It turns out the nerdy film buff from college is now one of Hollywood’s biggest multi-millionaire movie producers and the actress was working on his movie. Enlisting Fournier to train her for the course of a month resulted in the former basketball star being paid £50,000 for just four weeks’ work – an amount he didn’t even have when he opened the gym.
“That was the only thing that was serendipitous, it just came out of nowhere. We’re still friends and he’s the one I stay with when I go to LA – he’s done two blockbusters this year alone,” Fournier revealed, while keeping the name of the producer a secret, one he claims to have kept from even his closest friends.
After that, Fournier was sought after in celebrity circles and trained stars ahead of appearances for the Oscars and the Grammys, which resulted in him introducing the book Red Carpet Workout. The high-profile exposure resulted in the gym business being acquired and from there he made his way into nightlife when a friend who had opened the Whisky Mist club in Mayfair needed backing.
“I realised my skillset was just being really good at marketing. It’s difficult to promote a gym; nobody wants to do lunges when they could have a beer,” Fournier said.
“When I looked at how sophisticated my gyms became from a marketing standpoint, I thought if I applied that to nightclubs, where everybody wants to go and get laid, it’ll be a lot easier to convince them to do that then work out. So I implemented the same infrastructure into the club business and it just evolved.
“I have a full support team and they’re the reason the club is full on a Friday night, rather than relying on people to just text their mates and show up. We’re a leisure organisation that does restaurants, events, pop-ups in Cannes, stuff in Miami for Art Basel, and that’s how it was when I had my gyms.”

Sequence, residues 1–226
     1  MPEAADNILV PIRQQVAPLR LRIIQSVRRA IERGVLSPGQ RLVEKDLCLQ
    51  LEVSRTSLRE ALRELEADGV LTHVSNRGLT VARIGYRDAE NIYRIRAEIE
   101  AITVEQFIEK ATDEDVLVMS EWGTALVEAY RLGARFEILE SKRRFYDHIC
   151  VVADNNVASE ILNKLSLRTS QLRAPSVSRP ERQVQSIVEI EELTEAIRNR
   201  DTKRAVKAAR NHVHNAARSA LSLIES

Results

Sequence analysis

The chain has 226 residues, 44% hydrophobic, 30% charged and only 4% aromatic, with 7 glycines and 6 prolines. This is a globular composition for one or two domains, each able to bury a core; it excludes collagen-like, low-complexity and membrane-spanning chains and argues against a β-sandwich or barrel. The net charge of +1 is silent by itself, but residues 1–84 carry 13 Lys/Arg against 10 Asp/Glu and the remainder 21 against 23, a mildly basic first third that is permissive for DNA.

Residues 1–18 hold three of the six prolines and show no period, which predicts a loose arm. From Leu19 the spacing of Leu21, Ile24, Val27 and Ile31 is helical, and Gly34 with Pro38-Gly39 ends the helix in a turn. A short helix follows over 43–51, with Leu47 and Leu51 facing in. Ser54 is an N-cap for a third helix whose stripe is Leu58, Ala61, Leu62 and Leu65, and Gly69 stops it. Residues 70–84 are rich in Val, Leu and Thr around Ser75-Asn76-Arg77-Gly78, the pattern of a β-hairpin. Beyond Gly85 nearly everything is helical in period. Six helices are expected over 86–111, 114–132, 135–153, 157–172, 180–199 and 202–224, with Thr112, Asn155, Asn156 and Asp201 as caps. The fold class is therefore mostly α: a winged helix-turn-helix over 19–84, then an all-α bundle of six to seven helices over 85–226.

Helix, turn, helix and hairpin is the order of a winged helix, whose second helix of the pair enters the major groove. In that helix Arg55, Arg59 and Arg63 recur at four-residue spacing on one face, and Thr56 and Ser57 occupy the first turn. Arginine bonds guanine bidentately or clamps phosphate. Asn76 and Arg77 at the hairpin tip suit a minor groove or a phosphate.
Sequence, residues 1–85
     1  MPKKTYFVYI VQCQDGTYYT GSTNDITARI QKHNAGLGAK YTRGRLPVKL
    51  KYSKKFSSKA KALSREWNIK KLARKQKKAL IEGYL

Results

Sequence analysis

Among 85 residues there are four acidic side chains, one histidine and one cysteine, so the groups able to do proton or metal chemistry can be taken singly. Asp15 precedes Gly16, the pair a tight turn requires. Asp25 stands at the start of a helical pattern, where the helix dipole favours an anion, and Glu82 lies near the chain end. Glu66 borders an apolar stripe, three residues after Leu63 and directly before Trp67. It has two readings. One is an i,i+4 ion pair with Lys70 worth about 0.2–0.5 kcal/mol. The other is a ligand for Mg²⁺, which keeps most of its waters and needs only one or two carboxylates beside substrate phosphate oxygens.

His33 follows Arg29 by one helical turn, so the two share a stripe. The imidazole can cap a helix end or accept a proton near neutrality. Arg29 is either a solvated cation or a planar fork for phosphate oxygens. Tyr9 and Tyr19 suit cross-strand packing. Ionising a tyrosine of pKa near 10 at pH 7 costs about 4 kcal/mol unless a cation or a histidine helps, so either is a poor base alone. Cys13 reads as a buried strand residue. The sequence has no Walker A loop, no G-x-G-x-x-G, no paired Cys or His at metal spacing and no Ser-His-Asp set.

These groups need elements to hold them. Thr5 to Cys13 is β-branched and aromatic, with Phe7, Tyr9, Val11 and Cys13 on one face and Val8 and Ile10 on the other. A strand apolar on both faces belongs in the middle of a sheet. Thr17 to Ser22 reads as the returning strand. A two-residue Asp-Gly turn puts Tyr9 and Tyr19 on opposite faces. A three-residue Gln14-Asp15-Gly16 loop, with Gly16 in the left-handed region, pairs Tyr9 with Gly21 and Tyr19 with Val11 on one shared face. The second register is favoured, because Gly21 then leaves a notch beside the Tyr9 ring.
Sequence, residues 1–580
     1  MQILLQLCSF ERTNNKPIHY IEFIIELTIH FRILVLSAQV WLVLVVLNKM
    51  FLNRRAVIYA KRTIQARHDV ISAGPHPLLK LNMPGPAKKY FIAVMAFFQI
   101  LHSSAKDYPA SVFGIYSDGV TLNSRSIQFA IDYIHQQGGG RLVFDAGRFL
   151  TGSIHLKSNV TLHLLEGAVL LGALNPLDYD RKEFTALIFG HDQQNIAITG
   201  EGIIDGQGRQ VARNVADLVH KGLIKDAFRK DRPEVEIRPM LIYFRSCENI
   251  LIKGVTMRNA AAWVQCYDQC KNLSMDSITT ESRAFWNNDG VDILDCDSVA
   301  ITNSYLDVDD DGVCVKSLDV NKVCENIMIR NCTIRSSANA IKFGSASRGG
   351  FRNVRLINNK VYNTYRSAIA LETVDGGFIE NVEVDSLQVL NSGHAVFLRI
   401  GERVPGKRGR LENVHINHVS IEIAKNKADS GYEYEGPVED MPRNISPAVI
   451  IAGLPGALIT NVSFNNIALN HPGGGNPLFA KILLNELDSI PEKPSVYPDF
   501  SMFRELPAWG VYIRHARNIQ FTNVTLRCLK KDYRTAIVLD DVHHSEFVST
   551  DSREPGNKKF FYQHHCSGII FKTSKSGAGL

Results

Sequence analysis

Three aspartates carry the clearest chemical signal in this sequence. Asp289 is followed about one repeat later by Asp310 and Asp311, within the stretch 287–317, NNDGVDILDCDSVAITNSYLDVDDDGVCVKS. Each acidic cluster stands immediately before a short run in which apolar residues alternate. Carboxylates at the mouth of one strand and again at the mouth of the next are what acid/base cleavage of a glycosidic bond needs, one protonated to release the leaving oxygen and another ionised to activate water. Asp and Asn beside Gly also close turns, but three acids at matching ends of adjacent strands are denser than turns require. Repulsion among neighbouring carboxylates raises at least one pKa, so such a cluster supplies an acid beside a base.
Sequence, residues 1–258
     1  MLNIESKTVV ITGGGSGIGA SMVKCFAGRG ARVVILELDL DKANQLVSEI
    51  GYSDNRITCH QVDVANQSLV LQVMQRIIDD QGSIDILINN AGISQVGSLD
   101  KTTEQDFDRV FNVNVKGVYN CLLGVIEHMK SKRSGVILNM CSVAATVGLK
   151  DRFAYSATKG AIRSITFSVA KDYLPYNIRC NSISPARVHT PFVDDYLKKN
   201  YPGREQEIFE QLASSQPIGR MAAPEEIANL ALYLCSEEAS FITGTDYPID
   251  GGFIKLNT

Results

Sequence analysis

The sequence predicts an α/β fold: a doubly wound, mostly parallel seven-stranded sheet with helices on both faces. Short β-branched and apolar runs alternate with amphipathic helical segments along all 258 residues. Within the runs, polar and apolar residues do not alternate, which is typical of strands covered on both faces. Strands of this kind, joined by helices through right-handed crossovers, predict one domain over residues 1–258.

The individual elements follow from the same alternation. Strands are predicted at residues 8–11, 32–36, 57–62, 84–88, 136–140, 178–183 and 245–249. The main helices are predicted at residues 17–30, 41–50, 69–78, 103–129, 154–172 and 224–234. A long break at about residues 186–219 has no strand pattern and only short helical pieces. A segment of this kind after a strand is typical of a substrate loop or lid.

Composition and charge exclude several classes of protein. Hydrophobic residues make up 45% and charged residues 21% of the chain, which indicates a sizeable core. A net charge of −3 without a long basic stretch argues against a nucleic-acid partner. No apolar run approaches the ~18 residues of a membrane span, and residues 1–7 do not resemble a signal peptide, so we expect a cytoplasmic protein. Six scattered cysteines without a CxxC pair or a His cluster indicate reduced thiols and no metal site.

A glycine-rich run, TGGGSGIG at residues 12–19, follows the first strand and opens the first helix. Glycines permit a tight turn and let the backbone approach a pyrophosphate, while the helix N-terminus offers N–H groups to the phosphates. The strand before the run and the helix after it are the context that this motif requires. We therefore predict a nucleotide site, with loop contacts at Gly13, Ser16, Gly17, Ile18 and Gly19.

The celebrity network he’d built up over his basketball and personal training days served as a great foundation to build a recognisable brand on top of.
“The spots became hot quickly and that attracted the high rollers and big spenders. Then I was doing deals on venues that were supposed to do X but doing Y and that’s why growth happened so quickly, which allowed us to expand,” Fournier detailed.
Said expansion has seen Whisky Mist taken to Beirut this year. His other venture Bonbonniere has also gone beyond London to New York and most recently Mykonos, which came about after being approached by a wealthy Greek family for the brand, with another to follow in Istanbul later in the year. As if that weren’t enough, bar/restaurant Streaky Gin is also up and running in the UK’s capital.
Just like the PR who helped him get on his way and the producer friend who repaid his kindness, Fournier, whose lifestyle is very much a champagne and yacht-filled affair, is very mindful to pay it forward, which he does with the way he encourages productivity and commitment in his team of 100.
“I have a methodology I make everyone on my team follow. I’d rather take young kids that are like junior bankers in their early 20s, who don’t want to dress up in a suit everyday, and take them in, teach and train them. My operations manager is on £150,000 a year and he was an assistant manager on £22,000 four years ago,” the 32-year-old said.
“I always build from within. I think that’s a testament to the scalability and rollout speed. Everyone in the organisation is loyal and I really take care of people.”
Fournier’s numerous ventures are kept under the JP VIP holding company, which he owns 75 per cent of. Turnover in 2014 reached £20m and there are further growth plans ahead.
“I’d rather make ten or 15 per cent less a year personally, so that everyone else is less stressed, can pay their rent, go on a nice holiday or have the funds to buy Gucci jacket for £2,000. It’s a lifestyle brand and you want everyone to feel a part of it. There’s no point in me rolling around in a Ferrari while everyone else is on a bus. I’d rather we all got a BMW and were equal.”
Keep up with Fournier’s exploits on Instagram.